Why must the family take primary responsibility? Paul offers a list of five reasons. First, it is a display of godliness for a Christian to care for his own family members. That generosity of time, attention, and money displays that the person is living for the good of others rather than the good of self. Second, it is right for children to “make some return” to their parents for the care and provision they once received. As commentator William Barcley says, “The raising of children requires tremendous sacrifice and it is only right that children make sacrifices for parents in return.” Third, it pleases God. The God who so carefully and intimately cares for our needs is pleased when we give loving attention to the needs of others.
In verse 8, Paul adds a sobering fourth reason: “But if anyone does not provide for his relatives, and especially for members of his household, he has denied the faith and is worse than an unbeliever.” Here, Paul makes an appeal to natural law. Even unbelievers know that they are to care for their parents, for God has written this on their hearts (Romans 2:15). Christians know this twice—once by natural law and once by God’s revealed law in the Bible. The Christian who refuses to heed both forms of law has denied the practical implications of the faith and, in that way, made himself worse than an unbeliever.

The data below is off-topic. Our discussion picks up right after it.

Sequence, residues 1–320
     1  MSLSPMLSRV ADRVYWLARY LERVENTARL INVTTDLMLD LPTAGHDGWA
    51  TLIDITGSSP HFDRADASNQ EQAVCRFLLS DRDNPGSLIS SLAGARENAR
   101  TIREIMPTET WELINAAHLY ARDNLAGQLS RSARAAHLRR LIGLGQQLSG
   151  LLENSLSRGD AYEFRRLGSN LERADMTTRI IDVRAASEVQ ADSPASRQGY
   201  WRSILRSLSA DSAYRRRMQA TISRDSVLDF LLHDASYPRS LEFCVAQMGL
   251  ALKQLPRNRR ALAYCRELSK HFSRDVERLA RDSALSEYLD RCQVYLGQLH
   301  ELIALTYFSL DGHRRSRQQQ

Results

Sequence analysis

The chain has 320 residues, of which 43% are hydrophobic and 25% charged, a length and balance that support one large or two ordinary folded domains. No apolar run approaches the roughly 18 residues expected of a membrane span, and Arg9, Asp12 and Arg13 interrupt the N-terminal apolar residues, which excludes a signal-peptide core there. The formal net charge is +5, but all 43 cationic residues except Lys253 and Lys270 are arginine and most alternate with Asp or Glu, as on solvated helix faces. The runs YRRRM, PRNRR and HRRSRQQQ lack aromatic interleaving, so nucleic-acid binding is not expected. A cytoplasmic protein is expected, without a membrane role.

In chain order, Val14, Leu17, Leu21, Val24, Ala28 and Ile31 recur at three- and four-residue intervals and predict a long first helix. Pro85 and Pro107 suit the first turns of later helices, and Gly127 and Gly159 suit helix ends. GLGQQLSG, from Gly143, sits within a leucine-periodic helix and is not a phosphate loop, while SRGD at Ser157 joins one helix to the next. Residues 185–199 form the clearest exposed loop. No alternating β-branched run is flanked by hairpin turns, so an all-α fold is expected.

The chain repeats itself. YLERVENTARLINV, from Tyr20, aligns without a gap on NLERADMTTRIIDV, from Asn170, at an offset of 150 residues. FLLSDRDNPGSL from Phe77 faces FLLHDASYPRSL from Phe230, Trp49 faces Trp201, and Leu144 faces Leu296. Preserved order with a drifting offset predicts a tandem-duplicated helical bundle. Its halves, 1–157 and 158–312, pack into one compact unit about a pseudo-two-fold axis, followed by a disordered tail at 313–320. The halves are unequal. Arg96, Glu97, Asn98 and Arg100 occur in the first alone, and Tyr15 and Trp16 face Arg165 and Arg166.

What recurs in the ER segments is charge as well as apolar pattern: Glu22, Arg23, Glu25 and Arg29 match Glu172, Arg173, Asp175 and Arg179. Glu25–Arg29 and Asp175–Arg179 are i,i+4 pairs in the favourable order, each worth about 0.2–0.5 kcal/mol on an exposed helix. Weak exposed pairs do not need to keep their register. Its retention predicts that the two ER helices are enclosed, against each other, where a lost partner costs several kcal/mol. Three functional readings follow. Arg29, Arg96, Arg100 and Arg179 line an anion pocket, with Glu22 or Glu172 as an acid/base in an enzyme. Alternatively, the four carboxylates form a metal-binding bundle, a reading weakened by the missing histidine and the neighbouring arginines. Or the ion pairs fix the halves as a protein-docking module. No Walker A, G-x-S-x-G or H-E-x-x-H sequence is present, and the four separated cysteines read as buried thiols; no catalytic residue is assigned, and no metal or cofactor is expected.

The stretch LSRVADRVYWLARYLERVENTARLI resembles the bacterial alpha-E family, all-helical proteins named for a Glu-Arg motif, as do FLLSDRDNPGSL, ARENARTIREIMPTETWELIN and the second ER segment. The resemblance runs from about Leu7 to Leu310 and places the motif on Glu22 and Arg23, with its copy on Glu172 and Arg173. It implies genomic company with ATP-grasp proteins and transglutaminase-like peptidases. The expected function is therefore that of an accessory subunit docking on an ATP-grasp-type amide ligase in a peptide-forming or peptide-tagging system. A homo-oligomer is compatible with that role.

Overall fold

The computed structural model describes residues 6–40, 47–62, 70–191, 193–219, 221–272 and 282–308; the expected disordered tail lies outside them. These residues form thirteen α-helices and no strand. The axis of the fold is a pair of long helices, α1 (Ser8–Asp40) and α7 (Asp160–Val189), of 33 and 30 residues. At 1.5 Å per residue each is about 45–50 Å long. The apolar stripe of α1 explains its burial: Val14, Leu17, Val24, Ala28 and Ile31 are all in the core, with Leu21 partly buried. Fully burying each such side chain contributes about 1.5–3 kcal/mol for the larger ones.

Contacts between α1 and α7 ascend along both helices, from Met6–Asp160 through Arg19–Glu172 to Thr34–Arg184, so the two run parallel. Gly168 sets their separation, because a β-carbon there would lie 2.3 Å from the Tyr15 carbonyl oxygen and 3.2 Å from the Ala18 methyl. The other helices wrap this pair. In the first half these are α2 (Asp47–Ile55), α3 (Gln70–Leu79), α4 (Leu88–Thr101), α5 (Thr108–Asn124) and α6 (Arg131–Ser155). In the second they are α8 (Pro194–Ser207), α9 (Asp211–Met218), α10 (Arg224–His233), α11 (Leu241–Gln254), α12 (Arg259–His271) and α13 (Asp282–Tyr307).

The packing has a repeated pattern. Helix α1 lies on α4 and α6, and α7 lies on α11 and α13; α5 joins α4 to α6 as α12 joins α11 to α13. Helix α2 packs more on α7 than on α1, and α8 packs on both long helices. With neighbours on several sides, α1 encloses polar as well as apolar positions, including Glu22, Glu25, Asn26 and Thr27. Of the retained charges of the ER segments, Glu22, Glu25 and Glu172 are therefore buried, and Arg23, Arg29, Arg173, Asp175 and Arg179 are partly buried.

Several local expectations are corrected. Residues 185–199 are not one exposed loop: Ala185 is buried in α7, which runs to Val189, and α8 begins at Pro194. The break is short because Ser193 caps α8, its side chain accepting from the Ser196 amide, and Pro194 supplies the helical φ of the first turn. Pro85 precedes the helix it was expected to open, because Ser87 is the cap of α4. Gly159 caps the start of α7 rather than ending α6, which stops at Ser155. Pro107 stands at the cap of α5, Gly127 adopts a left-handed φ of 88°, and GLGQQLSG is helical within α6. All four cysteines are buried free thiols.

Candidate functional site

Finally, he provides a fifth reason: To relieve the burden on the church. “If any believing woman has relatives who are widows, let her care for them. Let the church not be burdened, so that it may care for those who are truly widows” (1 Timothy 5:16). If the church can release the burden of care to the family, it frees resources that can now be used to care for those who have no family.
Making Void the Word of God
The second relevant passage is in Mark 7 where Jesus challenges the religious authorities for rigidly adhering to a man-made law that contradicts the law of God.